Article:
• CailinM

    I wonder if Mead would have written an equivalent essay over a book or movie.

    Any expression of anti-Semitism is chiling, Hitler was a conduit of the rampant sentiment in Europe. He exported it to the middle east. I cannot help but see any sympathy for terrorism or the Palestine movement as setting the stage for another Holocaust.

    No amount of persuasion otherwise would trump the feeling in my gut. My gut usually turns out to be right to some degree, maybe not in my lifetime.

  • wigwag

    I was at the demonstration this past Monday evening. It was mostly a depressing affair. At most 700 or 800 people attended which is a tiny number in a city where the publicity about this opera has been ubiquitous The average age of the demonstrators was well-into the social security years; there was nary a young person to be found. Few social protest movements thrive when their key source of support is the geriatric set; all in all, the attendance was highly disappointing, The speakers at the rally were as encumbered as the demonstrators themselves. I suppose that Rudy Giuliani is still marginally relevant but the rest of the headliners were mostly over-the-hill gasbags like former New York Governor Patterson and the Queens Borough President. An “A” list group of orators it was not.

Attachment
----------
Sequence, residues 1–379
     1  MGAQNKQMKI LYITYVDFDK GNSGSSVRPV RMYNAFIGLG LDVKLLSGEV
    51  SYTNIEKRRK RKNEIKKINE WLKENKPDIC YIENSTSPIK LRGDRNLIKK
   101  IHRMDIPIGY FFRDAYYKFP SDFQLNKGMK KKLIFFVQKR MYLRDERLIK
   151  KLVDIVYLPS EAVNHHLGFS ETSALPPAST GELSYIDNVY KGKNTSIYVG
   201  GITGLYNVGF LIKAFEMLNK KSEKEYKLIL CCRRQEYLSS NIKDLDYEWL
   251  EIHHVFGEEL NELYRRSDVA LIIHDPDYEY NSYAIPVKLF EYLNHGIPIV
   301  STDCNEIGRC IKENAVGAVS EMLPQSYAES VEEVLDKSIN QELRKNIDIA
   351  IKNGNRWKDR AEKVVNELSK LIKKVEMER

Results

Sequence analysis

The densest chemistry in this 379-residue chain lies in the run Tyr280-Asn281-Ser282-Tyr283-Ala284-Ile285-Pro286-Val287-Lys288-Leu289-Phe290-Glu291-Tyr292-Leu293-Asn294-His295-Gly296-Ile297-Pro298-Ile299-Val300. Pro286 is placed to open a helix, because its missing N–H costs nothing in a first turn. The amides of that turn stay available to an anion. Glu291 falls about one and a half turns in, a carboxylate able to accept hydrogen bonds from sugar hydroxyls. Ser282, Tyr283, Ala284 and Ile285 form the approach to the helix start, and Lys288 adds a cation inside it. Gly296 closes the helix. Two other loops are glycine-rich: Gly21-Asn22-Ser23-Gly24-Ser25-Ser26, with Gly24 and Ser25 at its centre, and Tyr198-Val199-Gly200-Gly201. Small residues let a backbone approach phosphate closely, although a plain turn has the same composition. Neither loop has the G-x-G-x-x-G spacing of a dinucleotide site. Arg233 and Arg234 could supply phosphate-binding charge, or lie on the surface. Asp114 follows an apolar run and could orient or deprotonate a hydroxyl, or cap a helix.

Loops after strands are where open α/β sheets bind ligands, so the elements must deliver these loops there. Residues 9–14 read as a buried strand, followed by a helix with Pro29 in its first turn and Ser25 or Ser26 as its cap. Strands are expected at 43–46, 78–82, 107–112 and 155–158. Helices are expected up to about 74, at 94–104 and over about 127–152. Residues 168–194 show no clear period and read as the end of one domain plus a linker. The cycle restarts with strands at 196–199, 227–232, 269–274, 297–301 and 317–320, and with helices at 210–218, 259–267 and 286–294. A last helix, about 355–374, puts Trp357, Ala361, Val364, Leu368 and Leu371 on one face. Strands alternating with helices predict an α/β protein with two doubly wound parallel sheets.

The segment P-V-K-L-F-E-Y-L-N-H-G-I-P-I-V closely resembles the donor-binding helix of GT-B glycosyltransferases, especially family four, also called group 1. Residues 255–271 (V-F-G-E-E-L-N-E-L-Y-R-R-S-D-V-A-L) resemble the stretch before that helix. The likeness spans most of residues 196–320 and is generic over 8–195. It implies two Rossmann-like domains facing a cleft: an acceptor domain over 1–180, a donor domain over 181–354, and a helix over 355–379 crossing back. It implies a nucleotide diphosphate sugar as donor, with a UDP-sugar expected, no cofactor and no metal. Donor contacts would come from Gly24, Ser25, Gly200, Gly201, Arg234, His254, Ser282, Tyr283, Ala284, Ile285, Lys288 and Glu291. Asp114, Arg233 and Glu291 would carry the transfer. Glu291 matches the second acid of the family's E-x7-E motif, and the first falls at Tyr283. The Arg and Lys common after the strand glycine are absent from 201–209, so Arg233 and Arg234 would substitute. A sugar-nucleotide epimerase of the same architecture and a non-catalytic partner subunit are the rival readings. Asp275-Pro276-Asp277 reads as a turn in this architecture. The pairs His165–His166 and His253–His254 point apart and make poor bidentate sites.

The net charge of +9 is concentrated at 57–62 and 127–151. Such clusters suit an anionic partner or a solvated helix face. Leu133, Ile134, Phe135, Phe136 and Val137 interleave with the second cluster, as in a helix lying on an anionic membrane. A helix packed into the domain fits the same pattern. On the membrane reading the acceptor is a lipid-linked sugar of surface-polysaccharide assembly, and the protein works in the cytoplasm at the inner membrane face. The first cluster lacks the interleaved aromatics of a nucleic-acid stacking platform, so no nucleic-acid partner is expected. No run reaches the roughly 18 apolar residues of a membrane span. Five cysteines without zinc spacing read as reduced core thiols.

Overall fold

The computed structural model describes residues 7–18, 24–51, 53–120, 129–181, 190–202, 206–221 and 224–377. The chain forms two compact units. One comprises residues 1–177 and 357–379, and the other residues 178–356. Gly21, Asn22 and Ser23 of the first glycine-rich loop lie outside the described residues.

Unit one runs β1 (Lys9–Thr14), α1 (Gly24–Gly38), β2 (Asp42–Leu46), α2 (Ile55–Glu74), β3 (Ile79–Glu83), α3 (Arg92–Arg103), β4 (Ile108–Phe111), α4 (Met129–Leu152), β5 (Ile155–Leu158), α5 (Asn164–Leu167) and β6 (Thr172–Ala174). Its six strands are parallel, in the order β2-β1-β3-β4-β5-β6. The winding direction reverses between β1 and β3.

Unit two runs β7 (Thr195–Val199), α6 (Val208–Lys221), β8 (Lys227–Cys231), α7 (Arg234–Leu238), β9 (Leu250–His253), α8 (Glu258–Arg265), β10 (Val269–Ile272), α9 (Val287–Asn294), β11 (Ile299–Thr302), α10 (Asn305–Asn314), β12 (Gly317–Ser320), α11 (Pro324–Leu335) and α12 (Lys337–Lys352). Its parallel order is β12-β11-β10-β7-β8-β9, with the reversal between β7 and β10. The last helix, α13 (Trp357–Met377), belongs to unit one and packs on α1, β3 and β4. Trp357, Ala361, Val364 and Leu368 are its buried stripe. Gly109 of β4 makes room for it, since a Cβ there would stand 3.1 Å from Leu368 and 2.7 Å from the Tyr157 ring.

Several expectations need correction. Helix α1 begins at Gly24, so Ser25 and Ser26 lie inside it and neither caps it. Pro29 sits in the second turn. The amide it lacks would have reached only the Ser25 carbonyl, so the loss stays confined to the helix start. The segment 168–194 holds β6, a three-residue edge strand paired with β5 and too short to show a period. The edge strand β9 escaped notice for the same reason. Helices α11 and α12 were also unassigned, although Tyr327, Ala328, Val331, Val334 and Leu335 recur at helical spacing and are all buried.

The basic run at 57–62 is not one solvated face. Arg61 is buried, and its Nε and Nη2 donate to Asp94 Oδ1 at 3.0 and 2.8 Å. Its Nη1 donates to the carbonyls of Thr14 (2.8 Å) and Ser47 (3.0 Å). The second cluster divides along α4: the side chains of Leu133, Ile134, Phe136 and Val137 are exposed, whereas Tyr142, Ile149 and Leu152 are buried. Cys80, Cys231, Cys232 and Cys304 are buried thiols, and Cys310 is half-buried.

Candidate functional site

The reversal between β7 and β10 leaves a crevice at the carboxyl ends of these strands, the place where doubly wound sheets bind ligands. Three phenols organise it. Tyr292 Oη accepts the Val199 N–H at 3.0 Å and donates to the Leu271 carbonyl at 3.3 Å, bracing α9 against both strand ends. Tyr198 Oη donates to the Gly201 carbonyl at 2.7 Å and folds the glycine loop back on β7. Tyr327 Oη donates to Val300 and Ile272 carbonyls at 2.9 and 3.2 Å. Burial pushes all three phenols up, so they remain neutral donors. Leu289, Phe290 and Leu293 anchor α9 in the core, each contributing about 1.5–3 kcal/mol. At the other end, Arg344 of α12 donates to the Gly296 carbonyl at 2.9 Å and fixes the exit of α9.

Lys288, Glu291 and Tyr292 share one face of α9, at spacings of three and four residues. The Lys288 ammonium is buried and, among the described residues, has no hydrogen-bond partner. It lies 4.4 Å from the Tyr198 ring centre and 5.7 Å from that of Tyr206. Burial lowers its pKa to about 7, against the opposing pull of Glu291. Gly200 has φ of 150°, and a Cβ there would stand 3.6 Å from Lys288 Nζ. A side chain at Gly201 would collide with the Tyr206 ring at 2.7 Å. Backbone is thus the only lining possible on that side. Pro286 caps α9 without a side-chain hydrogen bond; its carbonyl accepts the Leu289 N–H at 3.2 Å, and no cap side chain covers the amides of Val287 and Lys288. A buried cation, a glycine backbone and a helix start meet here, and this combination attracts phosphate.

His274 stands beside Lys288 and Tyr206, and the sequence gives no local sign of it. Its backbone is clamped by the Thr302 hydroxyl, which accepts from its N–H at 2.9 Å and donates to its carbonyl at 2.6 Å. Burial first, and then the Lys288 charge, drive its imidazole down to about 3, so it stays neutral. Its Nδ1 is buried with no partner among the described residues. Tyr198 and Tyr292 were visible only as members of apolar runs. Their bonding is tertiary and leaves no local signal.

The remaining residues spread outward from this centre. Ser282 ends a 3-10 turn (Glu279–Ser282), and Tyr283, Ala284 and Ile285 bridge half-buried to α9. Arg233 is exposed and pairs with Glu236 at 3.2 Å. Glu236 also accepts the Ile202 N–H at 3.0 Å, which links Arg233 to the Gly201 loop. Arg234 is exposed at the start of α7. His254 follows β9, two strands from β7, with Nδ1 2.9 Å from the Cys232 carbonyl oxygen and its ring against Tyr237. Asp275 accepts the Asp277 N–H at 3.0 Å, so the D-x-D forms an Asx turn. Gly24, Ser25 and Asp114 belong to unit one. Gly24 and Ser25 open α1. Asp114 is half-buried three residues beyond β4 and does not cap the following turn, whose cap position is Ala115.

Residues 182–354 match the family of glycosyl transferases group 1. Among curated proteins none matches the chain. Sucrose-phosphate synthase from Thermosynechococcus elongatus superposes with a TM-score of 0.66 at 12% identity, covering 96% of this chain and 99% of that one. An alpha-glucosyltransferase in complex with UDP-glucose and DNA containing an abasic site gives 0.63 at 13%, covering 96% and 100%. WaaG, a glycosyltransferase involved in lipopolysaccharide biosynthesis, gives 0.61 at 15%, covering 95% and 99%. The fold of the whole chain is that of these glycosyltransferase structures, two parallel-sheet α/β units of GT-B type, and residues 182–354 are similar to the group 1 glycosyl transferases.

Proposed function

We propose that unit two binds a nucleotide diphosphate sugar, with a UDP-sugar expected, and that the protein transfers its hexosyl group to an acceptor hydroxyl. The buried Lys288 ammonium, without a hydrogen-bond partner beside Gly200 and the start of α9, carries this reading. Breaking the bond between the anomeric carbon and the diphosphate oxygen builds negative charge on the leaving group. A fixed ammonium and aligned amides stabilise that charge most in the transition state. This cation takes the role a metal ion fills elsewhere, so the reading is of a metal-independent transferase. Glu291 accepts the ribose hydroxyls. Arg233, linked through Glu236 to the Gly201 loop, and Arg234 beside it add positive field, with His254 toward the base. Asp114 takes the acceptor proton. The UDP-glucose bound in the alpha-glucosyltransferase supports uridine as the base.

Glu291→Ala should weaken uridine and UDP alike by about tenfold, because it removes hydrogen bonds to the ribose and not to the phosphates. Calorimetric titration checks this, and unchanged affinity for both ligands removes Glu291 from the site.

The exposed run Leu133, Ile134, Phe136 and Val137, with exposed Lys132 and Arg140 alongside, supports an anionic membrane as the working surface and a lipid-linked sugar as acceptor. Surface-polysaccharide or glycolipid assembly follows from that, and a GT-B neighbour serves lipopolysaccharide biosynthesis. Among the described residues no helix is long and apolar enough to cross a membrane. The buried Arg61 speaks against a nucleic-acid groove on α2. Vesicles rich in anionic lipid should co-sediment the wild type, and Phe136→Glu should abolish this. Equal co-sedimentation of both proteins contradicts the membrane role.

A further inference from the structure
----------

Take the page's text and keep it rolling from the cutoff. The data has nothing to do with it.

It brings me no pleasure to say any of this because I thought that the cause was important enough to be worth my time in showing up on a chilly autumn evening. I think that the fact that the major Jewish organizations gave the demonstrators the back of their hands was an unfortunate mistake.